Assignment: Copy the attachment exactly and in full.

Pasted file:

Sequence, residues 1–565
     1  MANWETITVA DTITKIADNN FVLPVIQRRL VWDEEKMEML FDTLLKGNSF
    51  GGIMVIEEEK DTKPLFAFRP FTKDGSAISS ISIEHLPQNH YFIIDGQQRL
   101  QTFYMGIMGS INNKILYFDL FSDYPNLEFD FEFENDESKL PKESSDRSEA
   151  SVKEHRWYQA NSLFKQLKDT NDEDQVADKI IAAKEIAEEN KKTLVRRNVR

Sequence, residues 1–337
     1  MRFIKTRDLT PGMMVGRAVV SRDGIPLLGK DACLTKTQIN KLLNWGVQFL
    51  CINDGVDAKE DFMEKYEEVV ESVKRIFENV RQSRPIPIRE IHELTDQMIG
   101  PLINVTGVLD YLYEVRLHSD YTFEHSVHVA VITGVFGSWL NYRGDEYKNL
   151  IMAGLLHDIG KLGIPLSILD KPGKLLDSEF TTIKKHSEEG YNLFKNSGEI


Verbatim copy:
Sequence, residues 1–565
     1  MANWETITVA DTITKIADNN FVLPVIQRRL VWDEEKMEML FDTLLKGNSF
    51  GGIMVIEEEK DTKPLFAFRP FTKDGSAISS ISIEHLPQNH YFIIDGQQRL
   101  QTFYMGIMGS INNKILYFDL FSDYPNLEFD FEFENDESKL PKESSDRSEA
   151  SVKEHRWYQA NSLFKQLKDT NDEDQVADKI IAAKEIAEEN KKTLVRRNVR

Sequence, residues 1–337
     1  MRFIKTRDLT PGMMVGRAVV SRDGIPLLGK DACLTKTQIN KLLNWGVQFL
    51  CINDGVDAKE DFMEKYEEVV ESVKRIFENV RQSRPIPIRE IHELTDQMIG
   101  PLINVTGVLD YLYEVRLHSD YTFEHSVHVA VITGVFGSWL NYRGDEYKNL
   151  IMAGLLHDIG KLGIPLSILD KPGKLLDSEF TTIKKHSEEG YNLFKNSGEI